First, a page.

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Universal Credit to abandon replacement of Tax Credits – NAO Report

November 26, 2014

Embargoed until 00:01 hrs, Wednesday November 26th, 2014 

Today’s report on Universal Credit Project from the National Audit Office reveals that the Treasury has forced DWP to abandon plans it submitted earlier this year for Universal Credit to start to replace Tax Credits from January 2015.

Abandon ship game

Today’s NAO report reveals that Treasury has torpedoed
DWP’s plans for Tax Credits to be replaced by Universal Credit
in January 2015

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Surprising highlights from the NAO report:

– The start of Universal Credit replacement of Tax Credits from January 2015 has been abandoned. DWP has delayed plans by at least 2 years for the transfer of the majority of tax credits claimants to Universal Credit to 2019. It does not have plans to transfer the remaining 555,000 tax credit and Employment and Support Allowance claimants before 2020.

– DWP admits that up to at least £239m of IT investment has been wasted to date, up from £131m earlier this year. This will come as no surprise to those who saw my interview on the BBC TV over a year ago.

– The promised end-date has slipped from 2017 to 2019 (and will still not cover 7% of Claimants even at that date)

– Confirmation that Howard Shiplee the ‘Senior Responsible Owner’ (SRO) “since the start of 2014, had been working only one day a week due to ill health and has now left the programme”, and that his deputy also retired at the same time.

– The ‘stepping stones’ towards the final ‘Target Operating Model’ have still not been designed, and so the roll-out plans are still unclear

– The roll-out of the final ‘Digital’ solution has slipped again due to severe staffing problems after DWP threw out the experts seconded from the Cabinet Office GDS.

– There is no contingency plan in case the mobile ready ‘Digital’ solution encounters further problems.

– “A staggering £600m spent in 4 years just to get to the business case sign-off for Universal Credit” Margaret Hodge MP, Chair, Parliamentary Public Accounts Committee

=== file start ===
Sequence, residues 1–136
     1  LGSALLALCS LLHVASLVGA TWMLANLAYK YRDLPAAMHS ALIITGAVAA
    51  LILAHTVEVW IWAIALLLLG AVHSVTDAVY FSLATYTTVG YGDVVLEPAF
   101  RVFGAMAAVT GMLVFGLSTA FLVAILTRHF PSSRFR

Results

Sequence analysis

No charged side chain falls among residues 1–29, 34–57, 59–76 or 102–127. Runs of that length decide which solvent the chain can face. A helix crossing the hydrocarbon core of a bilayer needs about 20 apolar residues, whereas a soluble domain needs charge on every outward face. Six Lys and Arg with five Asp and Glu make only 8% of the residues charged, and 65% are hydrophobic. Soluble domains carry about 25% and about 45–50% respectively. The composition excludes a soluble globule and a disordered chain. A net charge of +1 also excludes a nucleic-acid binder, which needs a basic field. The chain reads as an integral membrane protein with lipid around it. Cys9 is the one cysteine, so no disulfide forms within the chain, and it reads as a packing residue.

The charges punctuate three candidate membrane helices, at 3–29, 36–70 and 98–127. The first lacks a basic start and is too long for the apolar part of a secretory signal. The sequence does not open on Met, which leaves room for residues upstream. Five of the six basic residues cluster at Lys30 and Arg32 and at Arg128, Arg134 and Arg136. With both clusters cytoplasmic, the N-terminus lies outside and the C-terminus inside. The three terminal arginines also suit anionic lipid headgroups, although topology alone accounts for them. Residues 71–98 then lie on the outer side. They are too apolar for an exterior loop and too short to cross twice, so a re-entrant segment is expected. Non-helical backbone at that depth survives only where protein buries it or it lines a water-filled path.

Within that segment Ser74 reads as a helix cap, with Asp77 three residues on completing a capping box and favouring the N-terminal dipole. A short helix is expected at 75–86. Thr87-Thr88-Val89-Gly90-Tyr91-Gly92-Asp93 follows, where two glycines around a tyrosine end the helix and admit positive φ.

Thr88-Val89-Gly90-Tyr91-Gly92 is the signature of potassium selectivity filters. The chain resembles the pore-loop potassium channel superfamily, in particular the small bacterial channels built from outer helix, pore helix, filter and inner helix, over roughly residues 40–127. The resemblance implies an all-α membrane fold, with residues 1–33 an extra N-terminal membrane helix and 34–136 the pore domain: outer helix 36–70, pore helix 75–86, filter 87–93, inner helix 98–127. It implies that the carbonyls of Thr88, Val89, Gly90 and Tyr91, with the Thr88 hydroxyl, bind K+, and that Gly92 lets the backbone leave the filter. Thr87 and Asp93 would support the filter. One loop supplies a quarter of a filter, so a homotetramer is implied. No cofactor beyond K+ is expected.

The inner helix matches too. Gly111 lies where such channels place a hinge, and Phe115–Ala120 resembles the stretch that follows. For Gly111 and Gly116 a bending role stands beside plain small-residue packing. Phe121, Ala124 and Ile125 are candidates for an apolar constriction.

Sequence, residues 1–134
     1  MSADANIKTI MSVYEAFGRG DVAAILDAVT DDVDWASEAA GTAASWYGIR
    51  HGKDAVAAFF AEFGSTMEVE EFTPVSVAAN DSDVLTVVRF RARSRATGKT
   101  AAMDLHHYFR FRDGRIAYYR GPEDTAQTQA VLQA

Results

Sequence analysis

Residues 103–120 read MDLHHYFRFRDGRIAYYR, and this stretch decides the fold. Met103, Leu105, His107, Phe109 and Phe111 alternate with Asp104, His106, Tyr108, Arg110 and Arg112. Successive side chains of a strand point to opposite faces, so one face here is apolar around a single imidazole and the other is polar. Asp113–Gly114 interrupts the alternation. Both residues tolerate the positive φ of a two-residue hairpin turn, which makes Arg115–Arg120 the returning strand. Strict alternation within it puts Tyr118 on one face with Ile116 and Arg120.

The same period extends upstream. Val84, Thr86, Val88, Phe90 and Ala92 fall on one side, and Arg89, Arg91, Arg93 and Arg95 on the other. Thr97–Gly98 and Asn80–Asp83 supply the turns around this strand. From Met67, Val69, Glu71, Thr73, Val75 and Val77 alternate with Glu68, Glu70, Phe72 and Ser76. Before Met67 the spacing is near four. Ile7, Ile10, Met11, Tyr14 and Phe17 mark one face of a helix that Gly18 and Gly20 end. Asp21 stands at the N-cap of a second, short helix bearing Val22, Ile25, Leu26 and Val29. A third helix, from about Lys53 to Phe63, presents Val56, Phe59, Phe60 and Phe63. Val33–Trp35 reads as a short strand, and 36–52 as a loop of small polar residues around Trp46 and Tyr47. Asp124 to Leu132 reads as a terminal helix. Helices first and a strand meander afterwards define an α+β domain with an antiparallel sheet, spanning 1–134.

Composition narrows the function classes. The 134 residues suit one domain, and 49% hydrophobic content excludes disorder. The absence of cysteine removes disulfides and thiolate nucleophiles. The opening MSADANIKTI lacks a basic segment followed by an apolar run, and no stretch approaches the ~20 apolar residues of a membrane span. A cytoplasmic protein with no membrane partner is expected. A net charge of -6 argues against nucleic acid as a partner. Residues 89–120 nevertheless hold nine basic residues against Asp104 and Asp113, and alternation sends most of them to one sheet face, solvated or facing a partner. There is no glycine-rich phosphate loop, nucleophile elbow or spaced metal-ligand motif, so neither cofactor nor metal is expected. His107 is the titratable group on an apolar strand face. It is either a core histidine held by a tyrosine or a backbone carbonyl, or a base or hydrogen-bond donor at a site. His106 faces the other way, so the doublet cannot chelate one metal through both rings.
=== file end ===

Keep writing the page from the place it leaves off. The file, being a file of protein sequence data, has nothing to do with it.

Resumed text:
The report is a massive 61 pages long. Each sentence is measured and precise, there is no duplication or overlap of information – each fact reported is placed within careful context. For a mere administrative IT project to receive such careful and detailed description is unprecedented.

It is now revealed that up to at least £239m has been wasted on unusable IT to date

At the heart of the report is the narrative of how at every turn the Department for Work and Pensions (DWP) has underestimated the scale of the task being asked of it. Last year the Cabinet Office Major Projects Authority (MPA) forced DWP to ‘reset’ the project and the NAO forced DWP to admit that £131m had been wasted on a security system which was ‘unusable’, and a temporary set of IT systems that would only be used for 3 years.[ref]

Today’s report continues this theme. The NAO is forcing DWP to face up for the fact that the IT for ‘Interview’ and ‘Work Services’ have “No credible way to integrate with the digital service” – another £61m has been written off – just 4 months after DWP’s accounts had included these items as ‘sound investments’. It is revealed that another £47m of IT is also under review and may not be reusable. DWP now realises that another £108m needs to be written off its balance sheet signed off just 4 months ago. That makes up to at least £239m of IT investment that DWP so far admits has been wasted. [ref]